I wanted to make a comment on the cruise missles, but first I want to digress a little (well, more than a little, I guess) :
In regards to this shameful Terri Schiavo deal-
1) The most troubling thing is that her husband does not seem to have had her best interests are heart, ever. And that's the nicest, most polite way I can put it.
2) Just as troubling is that she isn't brain dead (though that's what Dean called Republicans last week!), nor in a vegetative state, from what I see from the great amount I've read. Even if you disagree, I must point out there there is not consensus opinion. Yes, she is most definitely heavily disabled. But shouldn't we err on the side of life, like the President says? I have major problems with the elements of the government in this country effectively ruling that some people don't have the right to live. This introduces the slippery slope of where the division of mercy and murder is.
3) For our Iranian friends, this is actually good in a very perverse way. In a democracy, no one has absolute power. The governor and the President, brothers united, are powerless to stop her death. A lesson in democracy.
OK, I'll move on to the cruise missles. I apologize for the way off-topic remarks. But since I was already discussed previously, I just thought I'd share my two cents (with my tie-in to Iran)...
Iran probably originally intended to use the cruise missles with nuclear warheads. But I don't believe that they will used that way. If Iran ever uses them, I believe the warheads will consist of conventional high-explosives. I believe that Iran, if they ever use them, will use them to try to sink the ships blockading Iran, hopefully later this summer or fall. Should they succeed in sinking a US Navy ship, I can only pray that Bush will remain cool enough not to attack Iran. True, it would be an act of war, but so is the blockade. The blockade is infinitely more destructive than a bombing raid on an Iranian military installation. This reminds me of World War II, near the end, when we closing in on Japan in early 1945, as I recall. American ships were constantly being blown up by the Japanese as we were building up our forces in the region, as I remember. The point is, we had more ships there than the Japanese could blow up with their kamakize pilots. Iran probably has the firepower to sink the entire blockading fleet (torpedoes, cruise missles, USS Cole-style attacks). We just have to stop enough of them, and be able to tough it out long enough. And have enough ships there.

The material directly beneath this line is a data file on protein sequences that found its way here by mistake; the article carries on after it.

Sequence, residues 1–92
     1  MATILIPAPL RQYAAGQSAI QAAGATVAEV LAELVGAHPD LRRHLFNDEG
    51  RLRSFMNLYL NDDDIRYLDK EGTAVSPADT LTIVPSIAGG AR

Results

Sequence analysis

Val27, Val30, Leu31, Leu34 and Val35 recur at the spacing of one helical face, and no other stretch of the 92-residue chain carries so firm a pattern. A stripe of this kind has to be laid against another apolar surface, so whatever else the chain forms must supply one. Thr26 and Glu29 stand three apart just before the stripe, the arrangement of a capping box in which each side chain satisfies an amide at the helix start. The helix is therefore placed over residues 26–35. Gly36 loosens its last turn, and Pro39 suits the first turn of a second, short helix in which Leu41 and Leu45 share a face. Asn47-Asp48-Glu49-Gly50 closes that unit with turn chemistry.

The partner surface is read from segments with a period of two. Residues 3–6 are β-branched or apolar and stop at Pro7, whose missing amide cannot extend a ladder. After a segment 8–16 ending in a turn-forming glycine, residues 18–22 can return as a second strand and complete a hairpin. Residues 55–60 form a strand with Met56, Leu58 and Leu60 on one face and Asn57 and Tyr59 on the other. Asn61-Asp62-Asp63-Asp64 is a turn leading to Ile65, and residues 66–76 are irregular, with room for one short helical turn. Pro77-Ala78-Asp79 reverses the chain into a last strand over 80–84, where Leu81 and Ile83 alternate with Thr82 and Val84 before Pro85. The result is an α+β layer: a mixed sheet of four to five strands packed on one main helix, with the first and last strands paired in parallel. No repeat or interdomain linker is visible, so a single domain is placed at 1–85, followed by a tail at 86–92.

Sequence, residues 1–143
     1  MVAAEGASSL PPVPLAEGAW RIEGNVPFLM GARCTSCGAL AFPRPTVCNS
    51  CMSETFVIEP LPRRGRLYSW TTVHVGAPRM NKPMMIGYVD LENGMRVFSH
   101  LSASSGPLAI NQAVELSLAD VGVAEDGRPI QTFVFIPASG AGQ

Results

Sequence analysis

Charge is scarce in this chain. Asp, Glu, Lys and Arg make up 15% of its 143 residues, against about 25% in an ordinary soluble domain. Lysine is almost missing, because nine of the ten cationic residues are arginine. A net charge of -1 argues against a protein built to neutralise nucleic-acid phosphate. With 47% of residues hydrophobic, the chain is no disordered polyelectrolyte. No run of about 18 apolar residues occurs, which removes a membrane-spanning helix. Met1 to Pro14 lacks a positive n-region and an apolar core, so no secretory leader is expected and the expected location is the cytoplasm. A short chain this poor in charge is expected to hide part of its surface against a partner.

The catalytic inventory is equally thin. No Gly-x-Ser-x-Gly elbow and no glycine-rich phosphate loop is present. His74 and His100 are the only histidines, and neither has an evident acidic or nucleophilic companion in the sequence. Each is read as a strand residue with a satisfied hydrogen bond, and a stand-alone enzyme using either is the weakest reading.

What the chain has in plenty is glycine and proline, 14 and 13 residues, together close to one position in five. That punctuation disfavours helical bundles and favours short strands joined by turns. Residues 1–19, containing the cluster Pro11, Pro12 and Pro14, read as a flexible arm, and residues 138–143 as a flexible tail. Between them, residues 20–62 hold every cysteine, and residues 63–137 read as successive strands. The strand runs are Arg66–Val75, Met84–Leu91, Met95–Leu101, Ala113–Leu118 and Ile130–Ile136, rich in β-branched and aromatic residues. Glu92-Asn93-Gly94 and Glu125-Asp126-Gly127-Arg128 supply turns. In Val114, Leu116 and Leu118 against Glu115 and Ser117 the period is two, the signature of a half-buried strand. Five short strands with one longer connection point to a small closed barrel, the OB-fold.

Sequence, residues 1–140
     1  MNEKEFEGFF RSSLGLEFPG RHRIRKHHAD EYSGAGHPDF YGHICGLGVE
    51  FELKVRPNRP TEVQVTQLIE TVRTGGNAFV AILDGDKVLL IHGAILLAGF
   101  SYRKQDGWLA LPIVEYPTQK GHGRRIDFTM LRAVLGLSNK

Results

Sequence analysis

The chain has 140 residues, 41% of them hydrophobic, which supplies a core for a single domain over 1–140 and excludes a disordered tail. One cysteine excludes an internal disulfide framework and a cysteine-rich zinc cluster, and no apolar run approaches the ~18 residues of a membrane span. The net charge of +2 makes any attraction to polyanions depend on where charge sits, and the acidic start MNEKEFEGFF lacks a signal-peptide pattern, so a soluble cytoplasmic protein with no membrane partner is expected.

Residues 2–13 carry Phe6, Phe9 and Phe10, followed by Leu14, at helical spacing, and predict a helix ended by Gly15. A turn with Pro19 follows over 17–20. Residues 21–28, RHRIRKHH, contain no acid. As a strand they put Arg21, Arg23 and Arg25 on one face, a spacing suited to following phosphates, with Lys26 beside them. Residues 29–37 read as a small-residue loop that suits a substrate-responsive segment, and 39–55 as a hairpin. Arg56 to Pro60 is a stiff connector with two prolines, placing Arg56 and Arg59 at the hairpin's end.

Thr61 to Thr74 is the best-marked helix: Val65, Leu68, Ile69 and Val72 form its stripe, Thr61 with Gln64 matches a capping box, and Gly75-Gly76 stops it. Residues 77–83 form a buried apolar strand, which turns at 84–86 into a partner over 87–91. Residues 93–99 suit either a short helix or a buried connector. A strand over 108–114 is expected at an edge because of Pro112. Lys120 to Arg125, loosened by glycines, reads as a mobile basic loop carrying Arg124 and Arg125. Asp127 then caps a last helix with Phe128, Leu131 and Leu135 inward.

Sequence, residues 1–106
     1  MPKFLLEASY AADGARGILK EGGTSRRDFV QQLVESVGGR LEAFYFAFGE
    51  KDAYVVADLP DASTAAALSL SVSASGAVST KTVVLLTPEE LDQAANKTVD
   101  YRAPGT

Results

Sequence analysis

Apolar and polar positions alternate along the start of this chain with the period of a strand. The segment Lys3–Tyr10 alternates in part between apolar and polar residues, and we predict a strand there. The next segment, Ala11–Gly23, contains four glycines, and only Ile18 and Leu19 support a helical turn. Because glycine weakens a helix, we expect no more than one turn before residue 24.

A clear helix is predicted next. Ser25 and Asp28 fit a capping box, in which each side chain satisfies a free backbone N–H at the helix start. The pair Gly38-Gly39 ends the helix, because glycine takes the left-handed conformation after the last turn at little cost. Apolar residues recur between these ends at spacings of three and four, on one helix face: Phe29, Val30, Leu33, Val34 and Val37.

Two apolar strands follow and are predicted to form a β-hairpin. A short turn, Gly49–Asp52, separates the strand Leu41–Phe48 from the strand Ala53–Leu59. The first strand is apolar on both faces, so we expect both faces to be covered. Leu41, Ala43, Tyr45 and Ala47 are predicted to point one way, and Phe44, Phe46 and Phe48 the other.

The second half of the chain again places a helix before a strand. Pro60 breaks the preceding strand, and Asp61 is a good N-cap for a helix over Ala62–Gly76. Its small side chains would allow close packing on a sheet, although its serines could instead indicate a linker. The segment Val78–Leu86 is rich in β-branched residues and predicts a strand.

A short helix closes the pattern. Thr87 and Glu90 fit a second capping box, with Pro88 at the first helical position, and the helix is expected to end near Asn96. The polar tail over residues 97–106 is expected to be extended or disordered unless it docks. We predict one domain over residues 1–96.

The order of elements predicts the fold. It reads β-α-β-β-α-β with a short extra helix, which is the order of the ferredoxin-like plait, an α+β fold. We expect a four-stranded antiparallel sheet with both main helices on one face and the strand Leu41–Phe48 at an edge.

We've proven in Iraq that Americans, contrary to prior Middle-Eastern opinion, are able to take casualties when their leaders and politicians let them. Perhaps we'll prove it again in Iran. American failures in war are very rarely the actual warrior's faults. It is their leaders. We won WWII because for the most part, American leaders were resolved to win the war, no matter what the cost (such as nearly a half-million American deaths). However, in the postwar era, that has often not been the case. But not in Iraq, fortunately. Bush could have pulled out of Iraq a year ago and probably won re-election more comfortably, but he didn't.